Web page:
Casino Watch Focus has reported on the ongoing developments in the approval of the newly negotiated Florida gambling compact with the Seminole Tribe. While most agree the compact is a key and necessary part of balancing gambling expansion in Florida, many believe this compact has gone too far to expand gambling, most specifically in regards to statewide Sports gambling. The Compact has been passed by the Florida Legislature and the Florida Governor Ron DeSantis and now it goes before the Federal Government. An online source explains:
The Department of the Interior oversees tribal-state gambling “compacts,” such as the one that Gov. Ron DeSantis and Seminole Tribe of Florida Chairman Marcellus Osceola Jr. signed April 23 and sent to lawmakers for approval. Once the compact is submitted, the Department of the Interior has 45 days to approve the plan, reject it or allow it to go into effect without the federal agency’s action.
Federal officials will “look at the compact and see if there are any provisions in there that are problematic,” said George Skibine, whose lengthy career with the Department of the Interior included a stint as director of the Office of Indian Gaming.
The Indian Gaming Regulatory Act requires that covered gaming activities occur on “Indian lands,” Skibine noted. The deal with the Seminoles may turn out to be a national test case for other tribal compacts, he said.
Clearly there are past examples in other states that looked at a similar issue, and they concluded all gambling must take place on tribal land. There are two other examples of mobile gambling involving tribal land, but both of those cases involve the tribes letting the state government handle the regulations and taxation of the gambling. This Florida case just isn’t the same as those given that the Seminole Tribe is fully regulating sports betting and the Florida constitution currently prohibits sports betting in Florida and would require a statewide vote of the people to establish it as legal gambling. An online source explains:
So how come Arizona and Connecticut have a clear path forward and the Seminoles do not? The key is regulatory structure.
A group of Arizona tribes and Gov. Doug Ducey announced a compact and companion legislation earlier this year that allows the tribes to open retail and online sportsbooks, among other gaming expansion options. The federal Department of the Interior has already approved the retail sportsbook components of the deal.
Critically, the compact didn’t include online betting and the tribes agreed to let Arizona government officials regulate, license and tax their online sportsbooks under a separate bill approved by the legislature.
Connecticut’s two gaming tribes and Gov. Ned Lamont announced a similar deal this year that’s now awaiting formal federal government approval. Just like Arizona’s tribes, Connecticut’s Mohegan and Mashantucket Pequot tribes agreed to separate online casino gaming and sports betting from the compact’s retail betting language.
Conversely, Florida’s compact gives the Seminoles rights to online sports betting through its own digital platform and to partner with pari-mutuel facilities for additional mobile skins. Federal law and subsequent court rulings make it seem the Seminoles don’t have authorization for online sports betting under a compact, leading many to believe federal officials will strip those provisions from the agreement.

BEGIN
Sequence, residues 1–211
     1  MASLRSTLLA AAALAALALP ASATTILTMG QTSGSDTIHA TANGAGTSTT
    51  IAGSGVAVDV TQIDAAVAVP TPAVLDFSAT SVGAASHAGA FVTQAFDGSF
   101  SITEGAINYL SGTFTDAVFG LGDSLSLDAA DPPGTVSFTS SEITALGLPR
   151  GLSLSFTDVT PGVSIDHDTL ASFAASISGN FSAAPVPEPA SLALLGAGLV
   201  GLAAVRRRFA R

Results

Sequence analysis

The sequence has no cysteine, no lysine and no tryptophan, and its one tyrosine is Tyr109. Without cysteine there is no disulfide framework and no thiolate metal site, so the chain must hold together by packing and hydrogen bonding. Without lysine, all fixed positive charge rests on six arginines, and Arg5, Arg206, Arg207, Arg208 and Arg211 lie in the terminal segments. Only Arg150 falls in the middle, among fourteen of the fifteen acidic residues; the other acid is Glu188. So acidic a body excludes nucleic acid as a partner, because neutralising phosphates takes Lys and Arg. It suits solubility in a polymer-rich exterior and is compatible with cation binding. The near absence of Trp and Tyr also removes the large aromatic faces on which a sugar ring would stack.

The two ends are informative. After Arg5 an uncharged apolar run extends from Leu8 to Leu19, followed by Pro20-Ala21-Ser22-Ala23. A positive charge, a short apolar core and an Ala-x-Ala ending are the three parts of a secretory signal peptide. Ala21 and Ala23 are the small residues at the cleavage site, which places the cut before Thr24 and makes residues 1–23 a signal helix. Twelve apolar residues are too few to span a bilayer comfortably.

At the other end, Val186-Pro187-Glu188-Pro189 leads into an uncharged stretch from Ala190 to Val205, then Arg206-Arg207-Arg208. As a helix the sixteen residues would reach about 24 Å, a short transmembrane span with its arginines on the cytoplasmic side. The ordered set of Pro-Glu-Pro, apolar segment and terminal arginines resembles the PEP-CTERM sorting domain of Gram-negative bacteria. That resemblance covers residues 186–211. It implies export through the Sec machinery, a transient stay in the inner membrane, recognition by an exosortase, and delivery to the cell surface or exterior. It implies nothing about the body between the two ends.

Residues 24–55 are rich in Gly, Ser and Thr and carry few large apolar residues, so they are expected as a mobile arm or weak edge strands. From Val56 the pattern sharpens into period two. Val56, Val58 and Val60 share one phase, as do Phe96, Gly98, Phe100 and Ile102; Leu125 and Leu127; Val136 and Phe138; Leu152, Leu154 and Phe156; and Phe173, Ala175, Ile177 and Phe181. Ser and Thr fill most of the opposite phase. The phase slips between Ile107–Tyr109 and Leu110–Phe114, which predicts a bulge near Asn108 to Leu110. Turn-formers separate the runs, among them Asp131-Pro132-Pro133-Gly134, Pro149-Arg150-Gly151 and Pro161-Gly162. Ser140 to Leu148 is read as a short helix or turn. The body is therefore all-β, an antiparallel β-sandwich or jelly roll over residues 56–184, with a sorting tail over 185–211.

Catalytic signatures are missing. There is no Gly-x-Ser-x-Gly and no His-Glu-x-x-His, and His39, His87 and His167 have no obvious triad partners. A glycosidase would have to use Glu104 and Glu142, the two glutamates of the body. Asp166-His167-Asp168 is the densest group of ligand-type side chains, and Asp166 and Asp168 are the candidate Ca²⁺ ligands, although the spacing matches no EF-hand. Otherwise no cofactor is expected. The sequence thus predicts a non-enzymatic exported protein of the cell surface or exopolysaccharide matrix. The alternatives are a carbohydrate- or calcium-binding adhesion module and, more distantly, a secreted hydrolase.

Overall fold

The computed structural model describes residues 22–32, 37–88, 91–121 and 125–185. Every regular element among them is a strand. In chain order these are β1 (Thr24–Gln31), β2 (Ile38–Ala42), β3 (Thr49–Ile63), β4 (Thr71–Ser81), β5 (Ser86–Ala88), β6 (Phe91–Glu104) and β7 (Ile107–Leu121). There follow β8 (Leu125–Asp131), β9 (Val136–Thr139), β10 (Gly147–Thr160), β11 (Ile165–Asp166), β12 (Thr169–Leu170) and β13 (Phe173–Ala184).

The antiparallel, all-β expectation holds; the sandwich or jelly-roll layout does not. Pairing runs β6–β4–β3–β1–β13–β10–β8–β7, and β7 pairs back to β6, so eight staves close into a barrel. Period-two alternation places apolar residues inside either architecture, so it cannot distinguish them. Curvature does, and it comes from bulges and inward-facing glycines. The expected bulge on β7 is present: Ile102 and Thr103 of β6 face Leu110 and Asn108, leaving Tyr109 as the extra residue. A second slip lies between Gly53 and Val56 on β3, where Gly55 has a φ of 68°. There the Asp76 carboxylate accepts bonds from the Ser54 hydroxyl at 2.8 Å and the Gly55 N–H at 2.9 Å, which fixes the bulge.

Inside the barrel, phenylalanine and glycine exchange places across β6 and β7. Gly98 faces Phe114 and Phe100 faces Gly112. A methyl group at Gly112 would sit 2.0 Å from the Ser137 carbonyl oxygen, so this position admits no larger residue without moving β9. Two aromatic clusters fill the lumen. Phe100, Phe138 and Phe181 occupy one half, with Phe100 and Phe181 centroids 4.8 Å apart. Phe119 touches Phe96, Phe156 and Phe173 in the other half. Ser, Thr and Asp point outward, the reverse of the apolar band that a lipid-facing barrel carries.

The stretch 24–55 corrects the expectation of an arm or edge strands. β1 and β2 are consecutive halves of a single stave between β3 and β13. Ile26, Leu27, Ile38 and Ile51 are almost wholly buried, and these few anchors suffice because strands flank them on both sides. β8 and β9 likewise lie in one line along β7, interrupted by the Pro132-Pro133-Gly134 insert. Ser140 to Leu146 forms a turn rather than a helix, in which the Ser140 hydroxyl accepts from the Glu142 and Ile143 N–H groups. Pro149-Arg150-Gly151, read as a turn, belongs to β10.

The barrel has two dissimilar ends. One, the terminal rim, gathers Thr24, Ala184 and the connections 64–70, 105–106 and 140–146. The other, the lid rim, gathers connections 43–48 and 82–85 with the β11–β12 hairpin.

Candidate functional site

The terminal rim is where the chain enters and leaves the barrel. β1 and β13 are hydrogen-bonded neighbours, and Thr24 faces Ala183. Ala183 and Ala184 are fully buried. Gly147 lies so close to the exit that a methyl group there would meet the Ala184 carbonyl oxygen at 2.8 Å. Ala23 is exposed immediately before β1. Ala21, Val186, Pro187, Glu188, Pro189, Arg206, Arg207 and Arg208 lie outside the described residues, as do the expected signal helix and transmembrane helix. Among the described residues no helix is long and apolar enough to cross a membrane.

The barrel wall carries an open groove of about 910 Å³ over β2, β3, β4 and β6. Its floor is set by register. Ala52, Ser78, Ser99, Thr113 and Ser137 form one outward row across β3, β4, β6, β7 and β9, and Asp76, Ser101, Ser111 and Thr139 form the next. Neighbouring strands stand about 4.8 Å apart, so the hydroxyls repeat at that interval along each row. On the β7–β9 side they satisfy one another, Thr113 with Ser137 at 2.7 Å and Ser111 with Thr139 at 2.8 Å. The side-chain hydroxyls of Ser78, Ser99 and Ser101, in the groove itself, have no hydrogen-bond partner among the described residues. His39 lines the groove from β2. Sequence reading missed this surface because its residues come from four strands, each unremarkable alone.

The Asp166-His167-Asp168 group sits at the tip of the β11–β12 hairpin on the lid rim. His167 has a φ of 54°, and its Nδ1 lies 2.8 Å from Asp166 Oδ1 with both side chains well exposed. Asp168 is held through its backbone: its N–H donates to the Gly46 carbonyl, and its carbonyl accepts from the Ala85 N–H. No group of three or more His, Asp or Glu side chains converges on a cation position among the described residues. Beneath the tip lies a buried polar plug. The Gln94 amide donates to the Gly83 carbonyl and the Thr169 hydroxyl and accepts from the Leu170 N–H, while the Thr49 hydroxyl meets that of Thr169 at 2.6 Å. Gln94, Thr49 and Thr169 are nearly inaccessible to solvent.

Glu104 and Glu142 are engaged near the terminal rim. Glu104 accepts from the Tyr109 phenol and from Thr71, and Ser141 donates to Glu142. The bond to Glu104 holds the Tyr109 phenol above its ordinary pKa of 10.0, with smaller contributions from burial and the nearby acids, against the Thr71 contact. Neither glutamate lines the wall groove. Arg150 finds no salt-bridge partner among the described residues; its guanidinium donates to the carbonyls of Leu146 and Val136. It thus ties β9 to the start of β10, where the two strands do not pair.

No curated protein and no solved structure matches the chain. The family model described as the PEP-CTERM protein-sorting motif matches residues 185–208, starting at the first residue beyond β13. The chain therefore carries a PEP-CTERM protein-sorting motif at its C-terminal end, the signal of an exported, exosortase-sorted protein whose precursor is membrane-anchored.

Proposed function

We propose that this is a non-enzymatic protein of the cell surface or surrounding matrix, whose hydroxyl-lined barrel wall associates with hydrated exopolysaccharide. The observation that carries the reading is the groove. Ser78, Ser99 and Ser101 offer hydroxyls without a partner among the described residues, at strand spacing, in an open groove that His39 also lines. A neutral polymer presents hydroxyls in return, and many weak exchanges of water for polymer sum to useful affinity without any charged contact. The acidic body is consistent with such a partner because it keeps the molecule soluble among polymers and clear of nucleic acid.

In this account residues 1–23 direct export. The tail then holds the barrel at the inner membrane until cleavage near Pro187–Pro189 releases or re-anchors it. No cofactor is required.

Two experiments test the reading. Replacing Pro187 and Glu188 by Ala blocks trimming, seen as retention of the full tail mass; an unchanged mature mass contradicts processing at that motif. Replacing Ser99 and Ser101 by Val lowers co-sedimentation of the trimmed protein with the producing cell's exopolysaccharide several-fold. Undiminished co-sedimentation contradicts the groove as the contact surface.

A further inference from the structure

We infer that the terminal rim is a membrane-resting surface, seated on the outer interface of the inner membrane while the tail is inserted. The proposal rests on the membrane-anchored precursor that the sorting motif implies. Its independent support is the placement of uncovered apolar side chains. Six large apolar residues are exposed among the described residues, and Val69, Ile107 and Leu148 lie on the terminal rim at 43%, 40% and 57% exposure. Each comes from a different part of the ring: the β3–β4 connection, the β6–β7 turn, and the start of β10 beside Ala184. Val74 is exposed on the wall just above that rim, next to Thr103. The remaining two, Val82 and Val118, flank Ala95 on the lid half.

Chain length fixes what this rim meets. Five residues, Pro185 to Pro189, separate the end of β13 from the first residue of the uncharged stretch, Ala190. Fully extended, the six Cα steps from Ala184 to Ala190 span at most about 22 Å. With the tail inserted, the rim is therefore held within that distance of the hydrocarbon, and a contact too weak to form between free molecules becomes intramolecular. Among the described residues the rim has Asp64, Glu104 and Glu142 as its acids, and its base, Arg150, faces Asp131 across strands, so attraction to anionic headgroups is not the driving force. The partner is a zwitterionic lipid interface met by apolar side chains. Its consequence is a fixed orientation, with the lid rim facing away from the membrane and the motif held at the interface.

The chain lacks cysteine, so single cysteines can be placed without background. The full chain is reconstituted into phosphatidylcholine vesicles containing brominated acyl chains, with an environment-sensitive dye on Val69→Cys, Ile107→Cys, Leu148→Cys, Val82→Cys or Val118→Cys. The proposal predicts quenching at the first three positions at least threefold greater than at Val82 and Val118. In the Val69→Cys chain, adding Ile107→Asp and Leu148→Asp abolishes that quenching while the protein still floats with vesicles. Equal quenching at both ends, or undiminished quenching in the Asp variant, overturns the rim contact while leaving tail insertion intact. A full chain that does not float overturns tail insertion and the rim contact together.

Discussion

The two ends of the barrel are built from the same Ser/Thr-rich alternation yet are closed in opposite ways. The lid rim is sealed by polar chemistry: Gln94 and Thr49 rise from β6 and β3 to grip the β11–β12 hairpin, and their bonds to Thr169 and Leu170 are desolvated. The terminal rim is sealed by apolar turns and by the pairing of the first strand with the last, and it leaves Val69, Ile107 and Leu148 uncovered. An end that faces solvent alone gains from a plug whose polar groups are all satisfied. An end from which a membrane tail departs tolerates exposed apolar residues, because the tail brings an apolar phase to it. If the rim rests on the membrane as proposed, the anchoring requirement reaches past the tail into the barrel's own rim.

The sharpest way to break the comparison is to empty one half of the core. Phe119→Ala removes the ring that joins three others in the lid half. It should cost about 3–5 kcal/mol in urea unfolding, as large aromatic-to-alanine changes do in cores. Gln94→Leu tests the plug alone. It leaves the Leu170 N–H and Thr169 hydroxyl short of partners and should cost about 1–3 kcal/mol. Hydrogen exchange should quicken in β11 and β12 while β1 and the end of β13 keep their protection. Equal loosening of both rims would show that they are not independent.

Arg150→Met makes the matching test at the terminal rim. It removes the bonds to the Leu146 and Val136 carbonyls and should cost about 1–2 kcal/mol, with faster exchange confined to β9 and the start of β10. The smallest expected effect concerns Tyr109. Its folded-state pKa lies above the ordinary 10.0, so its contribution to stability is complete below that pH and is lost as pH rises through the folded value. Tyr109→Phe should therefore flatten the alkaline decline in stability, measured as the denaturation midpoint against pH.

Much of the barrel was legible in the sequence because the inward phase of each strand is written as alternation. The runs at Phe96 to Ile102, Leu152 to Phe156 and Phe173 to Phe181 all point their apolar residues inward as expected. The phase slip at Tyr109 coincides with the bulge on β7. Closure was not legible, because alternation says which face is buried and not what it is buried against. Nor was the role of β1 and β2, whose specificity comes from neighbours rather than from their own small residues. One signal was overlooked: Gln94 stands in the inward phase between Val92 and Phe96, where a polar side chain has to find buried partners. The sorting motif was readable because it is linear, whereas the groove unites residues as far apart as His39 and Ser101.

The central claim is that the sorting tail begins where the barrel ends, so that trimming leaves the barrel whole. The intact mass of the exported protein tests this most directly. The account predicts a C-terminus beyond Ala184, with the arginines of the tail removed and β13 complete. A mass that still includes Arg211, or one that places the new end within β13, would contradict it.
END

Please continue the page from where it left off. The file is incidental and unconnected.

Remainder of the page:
Moreover, IGRA very clearly outlines that the gambling activity must take place on Tribal land or must be the same gambling that the state already recognizes as legal. Some have argued that in an attempt to rush the deal, they didn’t follow current models for proper gambling compacts, and are at real risk of rejection by the Federal Government. The source concludes:
This strict interpretation of IGRA within the language of the law and ensuing court rulings has limited gaming to physical options on tribal lands. All states that offer or have approved any form of regulated online tribal gaming, such as Arizona, Connecticut and Michigan, have done so independent of federal compacting law. Instead, these tribes maintain autonomy over in-person gaming for their brick-and-mortar gaming options and act like commercial operators for their online options.
Daniel Wallach, a Florida-based gaming attorney and sports betting legal analyst, told the Action Network the Seminoles and Florida policymakers could have followed the model established in other states. Instead, trying to shoehorn online sports betting authorization under federal law jeopardizes its very legality.
“Michigan and Arizona have acknowledged this jurisdictional limitation and crafted a solution that appears to satisfy IGRA,” Wallach said. “Florida, on the other hand, has brazenly ignored the plain and unambiguous language of IGRA, and has set up a flawed system that is on a fast track to a federal court rebuke.”
Florida’s Miami-Beach Mayor Dan Gelber was equally blunt with his rhetoric in a letter to the U.S. Department of the Interior. The Tampa Bay times provides excerpts of his letter:
“I support the goals of the Indian Gaming Regulatory Act (’IGRA’), namely, to provide Native American tribes with a pathway to greater independence and economic vitality. But the Florida Compact you are considering was not crafted in pursuit of those goals,” Gelber wrote in a nine-page letter to Deb Haaland, secretary of the U.S. Department of the Interior.
“It was simply a vehicle hijacked by non-tribal casino interests who fully corrupted the legislative and executive process in order to obtain advantages outside of tribal land and in direct contravention to the interests of Floridians.”
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